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CHA P. uncontrouled afcendant over her people; and while the
XLV. merited all their esteem by her real viriues, she also en-

gaged their affection by her pretended ones. Few love-
2603. reigns of England succeeded to the throne in more difficult

circumstances; and none ever conducted the government
with such uniform success and felicity. Though unac-
quainted with the practice of toleration, the true secret
for managing religious factions, the preserved her peo-
ple, by her superior prudence, from those confusions,
in which theological controversy had involved all the
neighbouring nations: And though her enemies were the
most powerful princes of Europe, the most active, the
molt enterprising, the least scrupulous, she was able, by
her vigour, to make deep impressions on their fate : Her
own greatness, mean while, remained untouched and

The wife ministers and brave warriors, who flou-
rished under her reign, thare the praise of her fuccess;
but instead of lessening the applause due to her, they
make great addition to it. They owed, all of them,
their advancement to her choice; they were supported
by her conftancy; and, with all their ability, they
were never able to acquire any undue ascendant over
her. In her family, in her court, in her kingdom,
the remained equally mistress : The force of the ten-
der passions was great over her, but the force of her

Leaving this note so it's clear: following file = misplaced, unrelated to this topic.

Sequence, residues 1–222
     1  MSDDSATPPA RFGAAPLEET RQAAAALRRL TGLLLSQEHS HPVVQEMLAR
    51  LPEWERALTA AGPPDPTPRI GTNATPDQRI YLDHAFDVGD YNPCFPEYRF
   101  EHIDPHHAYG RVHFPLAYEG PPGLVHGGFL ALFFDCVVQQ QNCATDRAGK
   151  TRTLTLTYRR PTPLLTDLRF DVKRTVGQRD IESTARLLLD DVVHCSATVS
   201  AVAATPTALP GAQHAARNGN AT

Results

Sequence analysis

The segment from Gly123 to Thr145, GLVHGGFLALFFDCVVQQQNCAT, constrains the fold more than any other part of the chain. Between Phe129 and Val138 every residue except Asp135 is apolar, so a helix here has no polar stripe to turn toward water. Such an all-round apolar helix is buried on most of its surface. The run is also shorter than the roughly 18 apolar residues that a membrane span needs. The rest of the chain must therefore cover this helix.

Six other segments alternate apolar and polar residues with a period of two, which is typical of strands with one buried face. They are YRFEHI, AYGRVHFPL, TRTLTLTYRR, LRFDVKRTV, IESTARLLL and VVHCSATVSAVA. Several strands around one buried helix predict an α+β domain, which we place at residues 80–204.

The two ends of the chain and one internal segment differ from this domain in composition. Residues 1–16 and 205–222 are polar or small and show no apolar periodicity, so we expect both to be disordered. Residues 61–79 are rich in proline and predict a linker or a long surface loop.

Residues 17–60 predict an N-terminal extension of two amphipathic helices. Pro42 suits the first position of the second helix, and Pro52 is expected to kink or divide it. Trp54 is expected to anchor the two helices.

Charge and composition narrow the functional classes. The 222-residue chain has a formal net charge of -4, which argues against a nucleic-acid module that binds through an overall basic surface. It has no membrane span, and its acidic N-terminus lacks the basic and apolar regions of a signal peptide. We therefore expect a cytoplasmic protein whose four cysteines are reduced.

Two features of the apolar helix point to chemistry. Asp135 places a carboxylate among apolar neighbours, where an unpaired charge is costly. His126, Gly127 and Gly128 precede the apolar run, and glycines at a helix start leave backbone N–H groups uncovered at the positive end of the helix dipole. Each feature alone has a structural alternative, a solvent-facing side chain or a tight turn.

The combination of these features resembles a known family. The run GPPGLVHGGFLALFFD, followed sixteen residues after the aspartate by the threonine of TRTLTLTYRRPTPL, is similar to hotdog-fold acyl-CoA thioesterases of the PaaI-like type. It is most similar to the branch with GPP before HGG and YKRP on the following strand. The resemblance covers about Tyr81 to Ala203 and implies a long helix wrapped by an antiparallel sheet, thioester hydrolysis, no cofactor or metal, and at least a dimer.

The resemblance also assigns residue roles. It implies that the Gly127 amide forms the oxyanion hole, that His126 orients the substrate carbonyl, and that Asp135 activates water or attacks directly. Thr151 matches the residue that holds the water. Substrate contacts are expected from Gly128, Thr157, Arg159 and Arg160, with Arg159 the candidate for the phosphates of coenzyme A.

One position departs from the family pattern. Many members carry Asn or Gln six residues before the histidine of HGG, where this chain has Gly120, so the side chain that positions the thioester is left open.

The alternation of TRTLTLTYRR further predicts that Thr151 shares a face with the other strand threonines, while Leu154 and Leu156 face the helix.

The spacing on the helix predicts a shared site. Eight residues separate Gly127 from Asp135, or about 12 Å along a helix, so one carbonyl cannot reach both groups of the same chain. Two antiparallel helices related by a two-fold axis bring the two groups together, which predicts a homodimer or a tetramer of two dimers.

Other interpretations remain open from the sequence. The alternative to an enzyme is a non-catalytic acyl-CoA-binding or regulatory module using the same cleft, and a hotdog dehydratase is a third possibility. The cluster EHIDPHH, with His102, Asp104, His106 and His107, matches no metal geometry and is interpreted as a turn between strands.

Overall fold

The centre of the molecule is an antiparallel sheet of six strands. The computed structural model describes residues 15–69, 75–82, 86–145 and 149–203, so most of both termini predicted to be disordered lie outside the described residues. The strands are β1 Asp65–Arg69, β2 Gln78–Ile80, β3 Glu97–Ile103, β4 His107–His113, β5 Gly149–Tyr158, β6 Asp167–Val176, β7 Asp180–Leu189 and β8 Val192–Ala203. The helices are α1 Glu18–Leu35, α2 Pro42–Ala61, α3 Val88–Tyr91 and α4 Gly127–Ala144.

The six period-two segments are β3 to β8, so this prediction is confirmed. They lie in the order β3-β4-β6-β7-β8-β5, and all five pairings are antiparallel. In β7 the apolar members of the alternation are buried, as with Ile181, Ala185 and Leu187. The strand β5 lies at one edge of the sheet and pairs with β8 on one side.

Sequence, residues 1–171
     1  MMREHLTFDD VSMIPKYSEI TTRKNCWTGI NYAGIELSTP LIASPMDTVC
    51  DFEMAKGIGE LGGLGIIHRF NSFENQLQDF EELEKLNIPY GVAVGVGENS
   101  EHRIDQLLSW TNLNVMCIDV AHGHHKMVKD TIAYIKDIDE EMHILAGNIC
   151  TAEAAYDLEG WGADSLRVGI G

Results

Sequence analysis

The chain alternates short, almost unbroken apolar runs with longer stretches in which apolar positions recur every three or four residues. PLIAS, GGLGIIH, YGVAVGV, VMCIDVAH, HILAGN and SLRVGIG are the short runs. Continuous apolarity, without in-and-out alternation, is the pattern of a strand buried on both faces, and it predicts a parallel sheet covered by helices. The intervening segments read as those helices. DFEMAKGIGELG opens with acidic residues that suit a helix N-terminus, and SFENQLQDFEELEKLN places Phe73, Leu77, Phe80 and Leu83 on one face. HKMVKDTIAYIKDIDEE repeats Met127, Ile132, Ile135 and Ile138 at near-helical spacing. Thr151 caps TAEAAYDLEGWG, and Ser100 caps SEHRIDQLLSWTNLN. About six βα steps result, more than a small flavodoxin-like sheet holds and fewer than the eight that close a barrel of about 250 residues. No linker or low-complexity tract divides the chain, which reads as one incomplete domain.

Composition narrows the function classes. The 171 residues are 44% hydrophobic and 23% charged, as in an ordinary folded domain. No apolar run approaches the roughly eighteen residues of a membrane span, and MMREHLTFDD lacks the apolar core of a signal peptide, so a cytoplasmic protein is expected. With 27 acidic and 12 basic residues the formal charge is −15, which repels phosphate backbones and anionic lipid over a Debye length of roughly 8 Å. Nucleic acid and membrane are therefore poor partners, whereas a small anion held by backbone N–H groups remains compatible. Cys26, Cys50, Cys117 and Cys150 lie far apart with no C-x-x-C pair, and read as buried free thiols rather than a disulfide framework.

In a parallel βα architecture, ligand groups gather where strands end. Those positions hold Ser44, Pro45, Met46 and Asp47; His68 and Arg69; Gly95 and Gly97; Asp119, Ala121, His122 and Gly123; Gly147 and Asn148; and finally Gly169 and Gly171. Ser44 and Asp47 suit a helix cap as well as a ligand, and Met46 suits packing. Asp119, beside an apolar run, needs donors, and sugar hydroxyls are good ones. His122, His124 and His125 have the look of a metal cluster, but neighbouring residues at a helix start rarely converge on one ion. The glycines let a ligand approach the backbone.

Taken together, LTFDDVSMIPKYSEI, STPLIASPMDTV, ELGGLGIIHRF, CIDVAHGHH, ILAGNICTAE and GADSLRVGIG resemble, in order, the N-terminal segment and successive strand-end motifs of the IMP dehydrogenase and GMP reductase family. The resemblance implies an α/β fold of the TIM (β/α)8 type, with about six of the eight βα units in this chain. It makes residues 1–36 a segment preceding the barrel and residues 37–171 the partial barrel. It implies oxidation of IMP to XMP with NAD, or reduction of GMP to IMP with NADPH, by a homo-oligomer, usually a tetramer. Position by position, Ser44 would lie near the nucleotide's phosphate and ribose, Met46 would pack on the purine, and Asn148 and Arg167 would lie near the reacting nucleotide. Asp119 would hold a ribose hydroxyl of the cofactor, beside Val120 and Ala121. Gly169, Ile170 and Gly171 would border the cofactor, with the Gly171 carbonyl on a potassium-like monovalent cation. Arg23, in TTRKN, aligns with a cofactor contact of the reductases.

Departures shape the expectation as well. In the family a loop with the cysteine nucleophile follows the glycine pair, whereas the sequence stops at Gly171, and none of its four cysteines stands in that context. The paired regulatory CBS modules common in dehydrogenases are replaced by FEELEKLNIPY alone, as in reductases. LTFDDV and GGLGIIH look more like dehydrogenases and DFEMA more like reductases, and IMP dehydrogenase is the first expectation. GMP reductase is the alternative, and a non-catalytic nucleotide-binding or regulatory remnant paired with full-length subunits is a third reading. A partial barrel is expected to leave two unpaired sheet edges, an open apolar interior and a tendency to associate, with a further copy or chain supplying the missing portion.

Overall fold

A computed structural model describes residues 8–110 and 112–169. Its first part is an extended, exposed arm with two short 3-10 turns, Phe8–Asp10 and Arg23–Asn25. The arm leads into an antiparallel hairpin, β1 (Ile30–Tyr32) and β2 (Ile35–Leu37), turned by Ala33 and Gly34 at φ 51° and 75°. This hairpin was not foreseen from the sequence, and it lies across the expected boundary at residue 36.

mind was still superior; and the combat, which her
vi&ory visibly cost her, serves only to display the firm-
ness of her resolution, and the loftiness of her ambitious

THE fame of this princess, though it has surmounted the prejudices both of fa&tion and bigotry, yet lies ftill exposed to another prejudice, which is more durable because more natural, and which, according to the different views in which we survey her, is capable either of exalting beyond measure, or diminishing the lustre of her character. This prejudice is founded on the conhderation of her sex. When we contemplate her as a woman, we are apt to be struck with the highest admiration of her great qualities and extensive capacity ; but we are also apt to require some more softness of disposition, some greater lenity of temper, some of those amiable weaknefles by which her


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sex is distinguished. But the true method of estimating CHAP.